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Analysis | This proposal could be a cure for the NFL’s kickoff woes


The NFL wanted reinvent the kick-off this offseason may be his last and best attempt to keep the game in the game. League decision-makers are trying to make the kickoff both safer and more relevant, a balance they have failed to strike. in previous efforts.

This part of the process is almost complete. League representatives, members of the NFL competition committee and special teams coaches from several teams put the finishing touches on a proposed XFL-style launch model which, if approved, would come into effect next season.

Now comes what could be the trickiest step: selling the proposal to the traditionalists among NFL teams and their owners, who are generally reluctant to accept anything they consider too fanciful.

The competition committee plans to present the finalized proposal to owners at the league’s annual meeting later this month in Orlando. The measure must receive at least 24 votes among the 32 teams to be ratified, potentially as a one-year trial. If the approval process becomes complicated, it could spill over into the next owners’ meeting in May.

NFL executives have called the kickoff the most dangerous play in sports, with unacceptably high injury rates. They said the game could be eliminated altogether if it could not be made safer. Last offseason, owners approved a proposal to place the ball at the 25-yard line – in what amounted to a touchback – on any good catch of a kickoff taken inside. the 25 yard line.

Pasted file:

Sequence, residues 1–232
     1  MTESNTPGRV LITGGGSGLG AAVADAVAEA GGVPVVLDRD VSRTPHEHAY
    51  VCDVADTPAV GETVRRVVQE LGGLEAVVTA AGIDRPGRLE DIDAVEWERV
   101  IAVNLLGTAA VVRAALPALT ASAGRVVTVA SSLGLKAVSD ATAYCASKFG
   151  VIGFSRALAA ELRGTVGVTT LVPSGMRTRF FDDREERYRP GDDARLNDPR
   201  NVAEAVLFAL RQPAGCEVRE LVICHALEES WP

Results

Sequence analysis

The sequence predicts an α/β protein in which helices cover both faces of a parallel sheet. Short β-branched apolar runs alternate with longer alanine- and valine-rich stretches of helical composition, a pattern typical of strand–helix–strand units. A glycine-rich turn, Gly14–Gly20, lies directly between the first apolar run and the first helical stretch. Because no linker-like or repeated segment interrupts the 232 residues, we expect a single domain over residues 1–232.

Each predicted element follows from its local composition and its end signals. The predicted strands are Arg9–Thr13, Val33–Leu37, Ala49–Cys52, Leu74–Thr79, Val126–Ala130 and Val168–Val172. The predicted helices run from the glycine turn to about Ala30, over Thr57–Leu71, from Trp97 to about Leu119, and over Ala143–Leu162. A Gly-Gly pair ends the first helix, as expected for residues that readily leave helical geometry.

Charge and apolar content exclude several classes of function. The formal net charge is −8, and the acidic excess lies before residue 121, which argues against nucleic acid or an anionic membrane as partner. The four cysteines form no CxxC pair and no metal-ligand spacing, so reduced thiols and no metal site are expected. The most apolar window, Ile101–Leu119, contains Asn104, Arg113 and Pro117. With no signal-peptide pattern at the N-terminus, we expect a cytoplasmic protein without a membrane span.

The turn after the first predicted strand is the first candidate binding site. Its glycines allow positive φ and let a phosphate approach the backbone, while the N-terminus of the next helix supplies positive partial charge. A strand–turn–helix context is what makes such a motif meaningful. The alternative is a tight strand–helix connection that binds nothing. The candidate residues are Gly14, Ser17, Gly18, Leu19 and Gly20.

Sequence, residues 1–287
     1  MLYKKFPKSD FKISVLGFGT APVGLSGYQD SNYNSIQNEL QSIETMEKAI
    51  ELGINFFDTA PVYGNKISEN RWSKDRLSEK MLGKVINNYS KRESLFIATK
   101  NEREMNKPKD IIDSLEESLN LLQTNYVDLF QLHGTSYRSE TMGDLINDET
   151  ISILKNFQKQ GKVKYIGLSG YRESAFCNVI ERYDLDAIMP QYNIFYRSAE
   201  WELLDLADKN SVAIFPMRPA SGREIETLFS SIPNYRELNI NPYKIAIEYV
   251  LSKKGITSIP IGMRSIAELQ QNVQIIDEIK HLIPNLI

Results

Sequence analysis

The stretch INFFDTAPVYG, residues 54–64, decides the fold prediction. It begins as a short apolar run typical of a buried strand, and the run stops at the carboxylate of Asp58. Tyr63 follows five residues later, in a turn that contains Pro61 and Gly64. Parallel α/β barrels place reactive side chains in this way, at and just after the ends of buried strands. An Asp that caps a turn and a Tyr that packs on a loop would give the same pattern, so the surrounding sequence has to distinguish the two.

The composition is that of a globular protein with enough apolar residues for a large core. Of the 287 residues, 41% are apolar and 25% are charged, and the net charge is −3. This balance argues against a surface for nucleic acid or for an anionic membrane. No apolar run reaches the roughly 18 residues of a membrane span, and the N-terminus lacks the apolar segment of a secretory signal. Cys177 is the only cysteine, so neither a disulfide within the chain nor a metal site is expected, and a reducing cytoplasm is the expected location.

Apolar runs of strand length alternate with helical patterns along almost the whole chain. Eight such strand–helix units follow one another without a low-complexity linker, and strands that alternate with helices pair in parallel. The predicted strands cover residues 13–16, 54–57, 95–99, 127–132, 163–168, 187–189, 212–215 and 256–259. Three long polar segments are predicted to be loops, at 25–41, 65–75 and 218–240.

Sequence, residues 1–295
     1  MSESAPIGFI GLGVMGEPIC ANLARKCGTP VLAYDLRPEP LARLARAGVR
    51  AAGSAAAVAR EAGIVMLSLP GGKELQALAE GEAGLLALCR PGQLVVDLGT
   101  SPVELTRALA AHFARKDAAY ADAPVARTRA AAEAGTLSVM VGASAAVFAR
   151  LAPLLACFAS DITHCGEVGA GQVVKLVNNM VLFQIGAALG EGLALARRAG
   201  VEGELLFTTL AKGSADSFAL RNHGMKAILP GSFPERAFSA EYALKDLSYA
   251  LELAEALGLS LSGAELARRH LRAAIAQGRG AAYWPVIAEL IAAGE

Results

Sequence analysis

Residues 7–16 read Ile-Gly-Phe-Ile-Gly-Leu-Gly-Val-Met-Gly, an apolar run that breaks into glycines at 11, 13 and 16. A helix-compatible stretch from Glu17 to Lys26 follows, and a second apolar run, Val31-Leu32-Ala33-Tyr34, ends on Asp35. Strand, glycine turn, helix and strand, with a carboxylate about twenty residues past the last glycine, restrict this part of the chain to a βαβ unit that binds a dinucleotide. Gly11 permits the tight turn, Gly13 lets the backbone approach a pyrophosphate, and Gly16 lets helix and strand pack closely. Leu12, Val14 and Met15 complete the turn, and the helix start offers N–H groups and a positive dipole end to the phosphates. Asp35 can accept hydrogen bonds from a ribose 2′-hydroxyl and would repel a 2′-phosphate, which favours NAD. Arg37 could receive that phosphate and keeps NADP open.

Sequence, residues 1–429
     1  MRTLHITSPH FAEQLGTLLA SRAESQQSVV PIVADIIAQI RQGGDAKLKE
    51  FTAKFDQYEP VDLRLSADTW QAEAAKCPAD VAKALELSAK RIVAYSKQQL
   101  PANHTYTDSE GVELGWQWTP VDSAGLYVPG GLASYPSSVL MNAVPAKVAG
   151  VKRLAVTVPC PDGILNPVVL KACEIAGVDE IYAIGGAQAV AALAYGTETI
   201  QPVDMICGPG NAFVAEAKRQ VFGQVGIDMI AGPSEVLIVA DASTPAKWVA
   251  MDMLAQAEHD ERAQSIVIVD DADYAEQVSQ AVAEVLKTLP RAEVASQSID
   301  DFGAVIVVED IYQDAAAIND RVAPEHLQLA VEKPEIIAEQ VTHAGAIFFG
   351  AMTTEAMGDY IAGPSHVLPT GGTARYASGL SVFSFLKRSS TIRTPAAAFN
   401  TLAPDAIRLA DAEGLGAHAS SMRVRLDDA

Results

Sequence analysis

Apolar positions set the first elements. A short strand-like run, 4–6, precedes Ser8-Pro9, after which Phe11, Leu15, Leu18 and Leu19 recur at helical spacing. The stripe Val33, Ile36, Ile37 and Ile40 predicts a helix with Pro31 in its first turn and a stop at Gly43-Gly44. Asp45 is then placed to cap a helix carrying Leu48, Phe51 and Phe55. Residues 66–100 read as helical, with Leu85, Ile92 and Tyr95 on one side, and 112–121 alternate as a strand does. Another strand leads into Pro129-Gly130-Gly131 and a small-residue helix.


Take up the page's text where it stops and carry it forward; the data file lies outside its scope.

This made the game safer. Players suffered just eight concussions on kickoffs last season, compared to 20 in 2022. But NFL health and safety officials attributed this 60 percent drop almost entirely to a sharp reduction in kickoff returns. Teams returned just 22 percent of kickoffs last season, down from about 38 percent the previous season. If teams couldn’t use high kickoffs just short of the end zone to try to pin their opponents deep in their own territory – since the returning team could just catch those kicks – they figured that they might as well kick the ball all the way. zone and be done with it.

The kickoff became what Troy Vincent, the NFL’s executive vice president of football operations, called a dead ceremonial play. That was especially true during Super Bowl LVIII last month in Las Vegas, when the Kansas City Chiefs and San Francisco 49ers combined for 13 touchbacks — and no returns — on 13 kickoffs.

The NFL could eventually decide to just put the ball at the 25-yard line and be done with kickoffs forever. But the league wants to avoid that. NFL executives talk about wanting to “keep their foot in the game” and point out that great Devin Hester, returning from the Chicago Bears, was elected last month to the Pro Football Hall of Fame.

That’s why league health and safety officials studied the XFL’s kickoff alignment and others possible remedies. That’s why special teams coordinators John Fassel of the Dallas Cowboys, Darren Rizzi of the New Orleans Saints and Richard Hightower of the Bears worked with the competition committee last week in Indianapolis on the kickoff proposal on hold.